The phenotype of DFNA9 is characterized by a progressive SNHL and is also often associated with progressive vestibular dysfunction evolving toward BV (Fransen et al. 2001; Bom et al. 2003; Bischoff et al. 2005; Bae et al. 2014). Increasing age is thus associated with the more advanced decline of both hearing and vestibular function. DFNA9 patients aged 55 years and older showed significantly lower scores on RBANS-H. In contrast, there was no statistically significant difference after Bonferroni correction in RBANS-H scores between those carriers aged younger than 55 years old and their healthy matched controls.

The DFNA9 patient group in our study obtained significantly lower scores on all subscales, except the Language subscale. After the Bonferroni correction, only the Immediate Memory subscale and Total Scale remained significantly different. A study evaluating the link between cognition, hearing, and vestibular dysfunction in patients with acquired BV found similar results, namely that hearing loss was linked with worse scores on the Immediate Memory subscale (Dobbels et al. 2019a,b). On the other hand, the vestibular loss was associated with worse scores on the RBANS-H Attention subdomain, a result that we also found in our analyses of the age group of 55 years and older. Another recent study from Bosmans et al. (2022) evaluating cognitive function by use of the RBANS-H in acquired BV patients (including 11 DFNA9 carriers of the p.Pro51Ser mutation), matched with healthy controls for hearing status, also had similar findings. Both studies did not perform post-hoc Bonferroni corrections. Therefore, the discrepancies in the main findings between previous studies and the present study could be explained by different approaches toward correcting for multiple testing.

None of the analyses in the two subdivisions of age found a significant difference in the Visuospatial/Constructional domain between the DFNA9 patients and healthy controls. In future studies, it would be beneficial to include alternative spatial-cognitive assessments since the two tasks assessing spatial cognition in the RBANS-H rely more on visuomotor constructive skills, which are considered less dependent on vestibular function than navigation and spatial memory. Spatial cognitive tasks of the RBANS-H are potentially not sensitive enough to identify cognitive deficits in the DFNA9 population, including patients with BV. Spatial cognition has been studied in patients with vestibular dysfunction using the Virtual Morris Water Task (VMWT) (Brandt et al. 2005; Hüfner et al. 2007; Kremmyda et al. 2016), an adapted version of the gold standard to test spatial cognition in rodents, the Morris Water Maze (Hamilton et al. 2002,2009). The VMWT is among the most used tasks to assess spatial cognition in patients with BV. Originally, the VMWT was included in the study protocol of the GECkO study (B300201938949) (Bosmans et al. 2020). However, preliminary data demonstrated that healthy control participants were unable to sufficiently complete this task, leading to unreliable results. Therefore, this task was removed from the protocol as it did not reliably represent a measure of spatial cognition.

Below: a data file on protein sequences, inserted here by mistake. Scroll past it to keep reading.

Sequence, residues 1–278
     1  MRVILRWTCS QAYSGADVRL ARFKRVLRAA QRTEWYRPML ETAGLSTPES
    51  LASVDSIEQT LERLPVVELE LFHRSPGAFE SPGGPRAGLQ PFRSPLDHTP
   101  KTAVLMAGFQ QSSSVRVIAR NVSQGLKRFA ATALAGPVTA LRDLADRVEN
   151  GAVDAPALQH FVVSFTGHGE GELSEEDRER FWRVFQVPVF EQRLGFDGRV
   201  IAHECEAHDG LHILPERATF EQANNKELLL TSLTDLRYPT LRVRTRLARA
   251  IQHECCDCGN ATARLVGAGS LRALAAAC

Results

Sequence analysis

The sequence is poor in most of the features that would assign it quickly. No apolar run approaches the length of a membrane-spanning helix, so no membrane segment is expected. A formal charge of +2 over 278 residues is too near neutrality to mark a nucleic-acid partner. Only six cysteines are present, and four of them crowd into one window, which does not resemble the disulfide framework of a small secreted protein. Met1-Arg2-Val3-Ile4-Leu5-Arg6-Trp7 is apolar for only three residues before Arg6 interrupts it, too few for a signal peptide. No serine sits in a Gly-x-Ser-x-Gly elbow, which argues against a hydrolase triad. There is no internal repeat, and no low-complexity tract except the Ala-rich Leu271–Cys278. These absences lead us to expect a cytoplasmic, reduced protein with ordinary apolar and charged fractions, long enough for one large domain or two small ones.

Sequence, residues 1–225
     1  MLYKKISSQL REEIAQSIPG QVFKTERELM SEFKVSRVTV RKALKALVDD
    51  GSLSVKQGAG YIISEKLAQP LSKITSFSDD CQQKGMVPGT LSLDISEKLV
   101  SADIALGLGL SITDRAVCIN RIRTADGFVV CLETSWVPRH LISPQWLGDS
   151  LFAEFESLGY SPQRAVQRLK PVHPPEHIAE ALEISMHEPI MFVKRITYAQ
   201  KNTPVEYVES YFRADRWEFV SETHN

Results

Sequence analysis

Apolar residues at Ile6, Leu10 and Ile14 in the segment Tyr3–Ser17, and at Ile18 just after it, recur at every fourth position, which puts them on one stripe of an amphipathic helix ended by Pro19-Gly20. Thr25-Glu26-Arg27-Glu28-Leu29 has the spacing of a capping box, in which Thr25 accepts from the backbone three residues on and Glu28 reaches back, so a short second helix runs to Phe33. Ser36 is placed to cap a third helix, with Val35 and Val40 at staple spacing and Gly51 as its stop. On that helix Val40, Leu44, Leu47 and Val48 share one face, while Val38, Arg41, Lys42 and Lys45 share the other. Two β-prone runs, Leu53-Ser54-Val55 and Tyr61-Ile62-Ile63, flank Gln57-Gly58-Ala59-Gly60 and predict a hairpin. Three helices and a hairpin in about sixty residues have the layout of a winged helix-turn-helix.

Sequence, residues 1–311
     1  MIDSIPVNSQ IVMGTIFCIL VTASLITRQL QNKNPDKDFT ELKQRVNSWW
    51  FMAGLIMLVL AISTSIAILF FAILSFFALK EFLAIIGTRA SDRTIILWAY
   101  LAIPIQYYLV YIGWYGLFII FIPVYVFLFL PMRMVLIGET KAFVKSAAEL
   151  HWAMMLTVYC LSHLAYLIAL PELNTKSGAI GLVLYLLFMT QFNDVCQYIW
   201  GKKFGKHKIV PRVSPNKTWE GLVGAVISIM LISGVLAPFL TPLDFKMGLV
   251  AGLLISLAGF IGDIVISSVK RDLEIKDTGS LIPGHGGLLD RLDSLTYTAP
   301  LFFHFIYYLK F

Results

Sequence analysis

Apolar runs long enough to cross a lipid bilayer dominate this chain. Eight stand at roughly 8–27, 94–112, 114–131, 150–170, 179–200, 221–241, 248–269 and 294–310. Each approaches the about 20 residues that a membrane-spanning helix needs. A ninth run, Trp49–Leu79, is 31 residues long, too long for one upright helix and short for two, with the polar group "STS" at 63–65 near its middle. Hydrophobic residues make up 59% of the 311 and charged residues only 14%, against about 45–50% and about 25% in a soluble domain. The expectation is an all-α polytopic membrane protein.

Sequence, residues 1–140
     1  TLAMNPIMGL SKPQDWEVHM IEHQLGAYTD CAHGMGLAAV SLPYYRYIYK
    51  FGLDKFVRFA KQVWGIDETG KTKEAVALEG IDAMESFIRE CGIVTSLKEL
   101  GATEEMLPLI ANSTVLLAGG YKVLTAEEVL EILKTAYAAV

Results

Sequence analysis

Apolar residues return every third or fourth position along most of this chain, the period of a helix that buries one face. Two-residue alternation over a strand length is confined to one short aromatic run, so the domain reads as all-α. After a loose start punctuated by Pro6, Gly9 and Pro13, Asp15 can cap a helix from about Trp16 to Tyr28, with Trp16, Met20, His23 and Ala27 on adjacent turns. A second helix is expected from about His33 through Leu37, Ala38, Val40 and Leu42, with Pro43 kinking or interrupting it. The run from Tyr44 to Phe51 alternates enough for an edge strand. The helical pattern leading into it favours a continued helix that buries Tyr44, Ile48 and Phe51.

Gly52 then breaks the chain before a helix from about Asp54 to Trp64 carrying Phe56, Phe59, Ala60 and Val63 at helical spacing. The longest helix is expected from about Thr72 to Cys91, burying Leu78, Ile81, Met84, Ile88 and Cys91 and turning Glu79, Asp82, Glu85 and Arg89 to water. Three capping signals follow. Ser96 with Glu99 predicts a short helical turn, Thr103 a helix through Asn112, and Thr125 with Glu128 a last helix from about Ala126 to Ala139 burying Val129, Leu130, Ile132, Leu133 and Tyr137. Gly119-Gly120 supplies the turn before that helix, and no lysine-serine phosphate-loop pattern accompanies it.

An alternative could be the use of the Sea Hero Quest mobile application, a promising virtual reality navigation task designed to detect cognitive changes in spatial navigation (Coutrot et al. 2019; Coughlan et al. 2020).

The lower RBANS-H scores of DFNA9 patients in the older subgroup can be explained by the fact that for the p.Pro51Ser variant in COCH, both hearing and vestibular dysfunction begins in the 4th life decade. SNHL starts at the age of 32.8 years on average with an annual threshold deterioration of 3 dB HL per year (1 to 24 dB HL/year) (JanssensdeVarebeke et al. 2021b). By the time these carriers reach the age of 76 years on average, they present with profound SNHL. The onset of vestibular dysfunction is estimated at around 34 to 40 years with BV observed between 49 and 60 years (JanssensdeVarebeke et al. 2019). DFNA9 patients aged 55 years and older are therefore for longer periods suffering from sensory deprivation of hearing function and vestibular function, both known to affect cognition negatively.